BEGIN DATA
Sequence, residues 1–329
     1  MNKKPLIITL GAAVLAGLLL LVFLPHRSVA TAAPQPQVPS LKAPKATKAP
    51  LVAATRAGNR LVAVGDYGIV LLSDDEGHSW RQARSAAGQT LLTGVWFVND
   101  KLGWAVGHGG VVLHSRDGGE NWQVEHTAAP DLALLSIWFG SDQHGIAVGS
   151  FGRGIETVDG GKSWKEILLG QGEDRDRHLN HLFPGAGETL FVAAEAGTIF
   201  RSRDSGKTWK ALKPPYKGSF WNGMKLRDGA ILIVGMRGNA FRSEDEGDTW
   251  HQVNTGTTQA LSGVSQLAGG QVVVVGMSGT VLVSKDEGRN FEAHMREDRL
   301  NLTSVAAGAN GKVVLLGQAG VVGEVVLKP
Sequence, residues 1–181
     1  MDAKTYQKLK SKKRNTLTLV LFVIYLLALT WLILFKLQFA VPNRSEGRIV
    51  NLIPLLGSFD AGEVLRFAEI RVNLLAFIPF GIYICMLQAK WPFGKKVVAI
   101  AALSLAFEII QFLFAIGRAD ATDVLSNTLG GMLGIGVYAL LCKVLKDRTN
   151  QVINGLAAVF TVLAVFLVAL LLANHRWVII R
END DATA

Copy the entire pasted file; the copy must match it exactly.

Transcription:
Sequence, residues 1–329
     1  MNKKPLIITL GAAVLAGLLL LVFLPHRSVA TAAPQPQVPS LKAPKATKAP
    51  LVAATRAGNR LVAVGDYGIV LLSDDEGHSW RQARSAAGQT LLTGVWFVND
   101  KLGWAVGHGG VVLHSRDGGE NWQVEHTAAP DLALLSIWFG SDQHGIAVGS
   151  FGRGIETVDG GKSWKEILLG QGEDRDRHLN HLFPGAGETL FVAAEAGTIF
   201  RSRDSGKTWK ALKPPYKGSF WNGMKLRDGA ILIVGMRGNA FRSEDEGDTW
   251  HQVNTGTTQA LSGVSQLAGG QVVVVGMSGT VLVSKDEGRN FEAHMREDRL
   301  NLTSVAAGAN GKVVLLGQAG VVGEVVLKP
Sequence, residues 1–181
     1  MDAKTYQKLK SKKRNTLTLV LFVIYLLALT WLILFKLQFA VPNRSEGRIV
    51  NLIPLLGSFD AGEVLRFAEI RVNLLAFIPF GIYICMLQAK WPFGKKVVAI
   101  AALSLAFEII QFLFAIGRAD ATDVLSNTLG GMLGIGVYAL LCKVLKDRTN
   151  QVINGLAAVF TVLAVFLVAL LLANHRWVII R